Wednesday, December 2, 2015

Labor & Employment Law: The Pumpkin Spice Latte Of Employment Cases

By Sara Sanfilippo

        Last month marked the beginning of fall. We have all been awaiting the arrival of cooler temperatures and, of course, pumpkin-spice-flavored everything. But not everything is cooling down. Some things are heating up, including lawsuits claiming violations of the Fair Credit Reporting Act (FCRA).

        Haven’t heard of the FCRA? The FCRA was enacted in 1970 during President Nixon’s administration. Throughout employment history, claims under the FCRA have been scarce. Now, almost half a century later, FCRA lawsuits are spreading across the country like wildfire. These cases are so hot that one has recently made its way to the United States Supreme Court. See Robins v. Spokeo, Inc., 742 F.3d 409 (9th Cir. 2014), cert. granted.

        So what is the FCRA? Among other things, the FCRA requires employers to take important compliance steps before obtaining and using consumer reports to make employment-related decisions such as hiring, promoting, demoting, and terminating.

        What are “consumer reports?” No, not the magazine you consult to compare car features! They can include information from a variety of sources including criminal records, motor vehicle reports, credit checks, reference checks, education verification, employment verification, and professional license or certification verification.

        Adding fuel to the fire, over the past few years, the United States Equal Employment Opportunity Commission has brought numerous lawsuits against employers claiming that their criminal background check and credit check policies disproportionately exclude certain protected class members. See e.g., EEOC v. BMW Mfg. Co., LLC, 2014 WL 5431118 (D.S.C. Dec. 2, 2014); EEOC v. Kaplan Higher Educ. Corp., 748 F.3d 749 (6th Cir. 2014); EEOC v. Freeman, 778 F.3d 463 (4th Cir. 2015).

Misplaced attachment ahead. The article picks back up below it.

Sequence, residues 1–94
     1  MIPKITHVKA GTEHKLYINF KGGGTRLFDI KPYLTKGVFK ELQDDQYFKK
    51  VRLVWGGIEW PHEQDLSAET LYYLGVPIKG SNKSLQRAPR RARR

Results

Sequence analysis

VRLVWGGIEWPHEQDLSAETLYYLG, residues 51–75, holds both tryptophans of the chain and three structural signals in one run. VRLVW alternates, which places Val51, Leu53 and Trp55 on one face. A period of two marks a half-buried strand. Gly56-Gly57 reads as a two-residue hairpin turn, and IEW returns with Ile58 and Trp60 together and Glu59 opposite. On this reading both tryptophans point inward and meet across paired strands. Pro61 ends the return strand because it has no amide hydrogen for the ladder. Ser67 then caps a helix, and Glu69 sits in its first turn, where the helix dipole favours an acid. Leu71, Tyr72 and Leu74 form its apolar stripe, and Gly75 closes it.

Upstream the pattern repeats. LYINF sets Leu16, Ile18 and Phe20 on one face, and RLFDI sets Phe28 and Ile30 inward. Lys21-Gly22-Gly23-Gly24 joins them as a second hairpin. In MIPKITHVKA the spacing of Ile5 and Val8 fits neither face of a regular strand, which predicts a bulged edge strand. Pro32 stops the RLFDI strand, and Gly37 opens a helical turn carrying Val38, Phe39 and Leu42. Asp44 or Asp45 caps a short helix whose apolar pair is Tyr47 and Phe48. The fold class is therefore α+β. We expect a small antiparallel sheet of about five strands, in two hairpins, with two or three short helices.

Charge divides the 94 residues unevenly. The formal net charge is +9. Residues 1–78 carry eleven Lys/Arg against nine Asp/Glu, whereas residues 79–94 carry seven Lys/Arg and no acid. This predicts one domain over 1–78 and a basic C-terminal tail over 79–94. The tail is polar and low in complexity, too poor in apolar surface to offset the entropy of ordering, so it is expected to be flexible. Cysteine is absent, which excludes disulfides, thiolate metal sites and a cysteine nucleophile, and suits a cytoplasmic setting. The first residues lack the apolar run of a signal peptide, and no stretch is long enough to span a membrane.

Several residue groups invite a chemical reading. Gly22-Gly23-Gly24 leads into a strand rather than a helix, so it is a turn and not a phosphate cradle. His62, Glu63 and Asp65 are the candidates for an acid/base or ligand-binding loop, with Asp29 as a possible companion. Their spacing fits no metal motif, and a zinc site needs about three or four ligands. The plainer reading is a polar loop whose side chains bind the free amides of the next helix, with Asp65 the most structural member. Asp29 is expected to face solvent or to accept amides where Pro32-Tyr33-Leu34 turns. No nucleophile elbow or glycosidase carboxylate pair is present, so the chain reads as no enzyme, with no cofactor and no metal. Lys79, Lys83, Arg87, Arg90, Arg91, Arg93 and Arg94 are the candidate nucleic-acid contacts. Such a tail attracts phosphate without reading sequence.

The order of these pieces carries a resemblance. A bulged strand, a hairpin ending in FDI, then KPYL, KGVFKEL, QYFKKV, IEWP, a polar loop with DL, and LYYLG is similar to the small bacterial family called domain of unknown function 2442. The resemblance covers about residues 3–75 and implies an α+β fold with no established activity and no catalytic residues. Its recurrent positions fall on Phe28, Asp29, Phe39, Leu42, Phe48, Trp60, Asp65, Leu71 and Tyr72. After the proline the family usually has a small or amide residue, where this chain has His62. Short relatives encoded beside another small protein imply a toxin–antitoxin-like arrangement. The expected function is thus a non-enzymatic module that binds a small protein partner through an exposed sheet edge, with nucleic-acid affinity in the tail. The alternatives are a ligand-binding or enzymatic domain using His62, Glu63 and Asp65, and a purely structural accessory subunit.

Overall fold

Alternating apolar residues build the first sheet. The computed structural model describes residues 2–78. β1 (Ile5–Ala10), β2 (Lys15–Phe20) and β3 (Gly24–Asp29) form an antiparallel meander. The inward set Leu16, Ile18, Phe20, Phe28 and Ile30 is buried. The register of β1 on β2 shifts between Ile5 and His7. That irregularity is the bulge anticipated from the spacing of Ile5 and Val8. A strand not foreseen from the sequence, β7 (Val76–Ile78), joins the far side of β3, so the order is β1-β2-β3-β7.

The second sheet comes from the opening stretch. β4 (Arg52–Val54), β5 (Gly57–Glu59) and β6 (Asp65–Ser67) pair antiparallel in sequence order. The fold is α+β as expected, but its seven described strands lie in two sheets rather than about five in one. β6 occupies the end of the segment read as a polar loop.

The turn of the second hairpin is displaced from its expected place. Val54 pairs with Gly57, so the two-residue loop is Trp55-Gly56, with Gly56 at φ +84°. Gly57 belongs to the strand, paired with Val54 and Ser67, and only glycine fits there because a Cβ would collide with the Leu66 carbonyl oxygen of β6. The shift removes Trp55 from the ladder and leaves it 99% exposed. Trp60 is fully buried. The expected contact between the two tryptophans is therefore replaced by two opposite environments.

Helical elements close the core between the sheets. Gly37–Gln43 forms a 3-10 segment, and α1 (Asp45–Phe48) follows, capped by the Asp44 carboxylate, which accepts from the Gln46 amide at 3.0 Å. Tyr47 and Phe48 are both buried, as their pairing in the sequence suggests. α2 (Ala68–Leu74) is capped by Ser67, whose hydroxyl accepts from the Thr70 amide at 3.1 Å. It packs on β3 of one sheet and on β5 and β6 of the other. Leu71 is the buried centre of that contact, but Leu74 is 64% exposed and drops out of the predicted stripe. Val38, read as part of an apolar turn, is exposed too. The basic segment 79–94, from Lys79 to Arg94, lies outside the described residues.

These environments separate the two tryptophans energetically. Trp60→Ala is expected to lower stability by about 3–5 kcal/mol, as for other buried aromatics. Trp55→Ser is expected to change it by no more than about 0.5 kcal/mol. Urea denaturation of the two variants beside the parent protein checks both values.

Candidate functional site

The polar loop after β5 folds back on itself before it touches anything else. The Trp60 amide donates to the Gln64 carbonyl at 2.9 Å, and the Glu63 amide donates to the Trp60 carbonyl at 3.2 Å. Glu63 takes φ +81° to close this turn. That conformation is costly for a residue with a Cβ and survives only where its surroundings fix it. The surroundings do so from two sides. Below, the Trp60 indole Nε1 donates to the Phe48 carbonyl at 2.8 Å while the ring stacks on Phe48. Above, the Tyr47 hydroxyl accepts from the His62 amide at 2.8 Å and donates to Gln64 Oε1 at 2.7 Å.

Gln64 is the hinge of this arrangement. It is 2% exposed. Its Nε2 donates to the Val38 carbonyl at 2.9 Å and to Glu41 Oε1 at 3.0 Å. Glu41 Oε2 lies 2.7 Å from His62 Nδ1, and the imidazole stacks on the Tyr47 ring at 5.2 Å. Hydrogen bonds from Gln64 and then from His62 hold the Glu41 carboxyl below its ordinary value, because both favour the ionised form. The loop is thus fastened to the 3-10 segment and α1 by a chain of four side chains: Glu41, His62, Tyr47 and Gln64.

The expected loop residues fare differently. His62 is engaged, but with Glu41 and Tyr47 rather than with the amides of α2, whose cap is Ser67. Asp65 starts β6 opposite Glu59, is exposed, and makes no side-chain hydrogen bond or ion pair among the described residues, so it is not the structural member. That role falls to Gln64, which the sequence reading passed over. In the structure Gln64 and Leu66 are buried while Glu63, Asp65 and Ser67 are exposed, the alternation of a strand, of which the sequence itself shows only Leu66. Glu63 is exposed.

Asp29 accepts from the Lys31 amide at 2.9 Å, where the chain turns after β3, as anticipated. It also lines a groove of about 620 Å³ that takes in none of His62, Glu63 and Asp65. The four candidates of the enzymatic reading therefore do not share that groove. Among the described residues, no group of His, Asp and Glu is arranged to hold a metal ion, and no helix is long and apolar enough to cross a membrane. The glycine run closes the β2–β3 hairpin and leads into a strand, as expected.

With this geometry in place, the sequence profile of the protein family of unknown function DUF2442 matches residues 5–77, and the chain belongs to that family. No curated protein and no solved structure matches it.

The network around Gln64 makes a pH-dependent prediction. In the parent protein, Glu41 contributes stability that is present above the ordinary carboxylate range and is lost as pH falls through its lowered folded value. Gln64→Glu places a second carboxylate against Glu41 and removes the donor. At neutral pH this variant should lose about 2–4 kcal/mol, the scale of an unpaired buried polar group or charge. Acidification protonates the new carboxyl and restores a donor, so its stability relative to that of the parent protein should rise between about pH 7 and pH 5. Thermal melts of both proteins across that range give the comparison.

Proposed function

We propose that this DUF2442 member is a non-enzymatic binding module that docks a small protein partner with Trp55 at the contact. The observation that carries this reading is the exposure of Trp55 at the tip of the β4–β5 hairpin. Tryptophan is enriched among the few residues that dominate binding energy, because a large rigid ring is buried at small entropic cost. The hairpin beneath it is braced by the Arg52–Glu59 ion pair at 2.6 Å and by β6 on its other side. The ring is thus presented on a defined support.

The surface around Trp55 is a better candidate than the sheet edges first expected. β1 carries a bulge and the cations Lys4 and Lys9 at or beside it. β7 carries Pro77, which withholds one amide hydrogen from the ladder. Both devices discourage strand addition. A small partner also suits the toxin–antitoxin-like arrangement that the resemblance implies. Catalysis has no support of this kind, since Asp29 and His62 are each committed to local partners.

If you are an employer, here is what you need to know to stay out of the heat. (Employers and prospective employers should also review applicable state laws related to consumer reports.) Prior to obtaining a consumer report, employers must provide notice to applicants and employees that they might use information in the report to make employment-related decisions. The notice must be in writing and in a stand-alone document. (The notice cannot be in an employment application. The notice should not contain any information that confuses or detracts from the notice.) Also before the employer can obtain a consumer report, the employee or applicant must provide written authorization. Before taking an adverse employment action based on a consumer report, employers must provide a copy of the consumer report and a written description of consumers’ rights under the FCRA to the applicant or employee.(Additional requirements apply if the only interaction with the employee or applicant is by mail, telephone, or computer.)

        As referenced above, the United States Supreme Court will decide whether plaintiffs who suffer no concrete harm from FCRA violations have Article III standing to invoke the jurisdiction of federal courts. The decision will either extinguish the majority of FCRA lawsuits or spark further FCRA actions. Want whipped cream on that latte? Hope you checked out the oral arguments in this case, set for November 2.